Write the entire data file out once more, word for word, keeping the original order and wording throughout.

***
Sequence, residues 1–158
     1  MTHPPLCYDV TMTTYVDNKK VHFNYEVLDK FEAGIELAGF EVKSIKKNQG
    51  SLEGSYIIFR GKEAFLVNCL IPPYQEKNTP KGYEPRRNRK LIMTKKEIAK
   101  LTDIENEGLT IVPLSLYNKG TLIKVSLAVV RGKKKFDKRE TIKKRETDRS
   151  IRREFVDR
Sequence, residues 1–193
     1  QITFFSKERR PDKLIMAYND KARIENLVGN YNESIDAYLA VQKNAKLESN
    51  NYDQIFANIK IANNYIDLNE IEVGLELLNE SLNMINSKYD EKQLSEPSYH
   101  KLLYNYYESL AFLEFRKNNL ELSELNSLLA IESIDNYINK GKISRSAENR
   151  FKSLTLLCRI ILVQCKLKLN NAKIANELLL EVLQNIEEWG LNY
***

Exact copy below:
Sequence, residues 1–158
     1  MTHPPLCYDV TMTTYVDNKK VHFNYEVLDK FEAGIELAGF EVKSIKKNQG
    51  SLEGSYIIFR GKEAFLVNCL IPPYQEKNTP KGYEPRRNRK LIMTKKEIAK
   101  LTDIENEGLT IVPLSLYNKG TLIKVSLAVV RGKKKFDKRE TIKKRETDRS
   151  IRREFVDR
Sequence, residues 1–193
     1  QITFFSKERR PDKLIMAYND KARIENLVGN YNESIDAYLA VQKNAKLESN
    51  NYDQIFANIK IANNYIDLNE IEVGLELLNE SLNMINSKYD EKQLSEPSYH
   101  KLLYNYYESL AFLEFRKNNL ELSELNSLLA IESIDNYINK GKISRSAENR
   151  FKSLTLLCRI ILVQCKLKLN NAKIANELLL EVLQNIEEWG LNY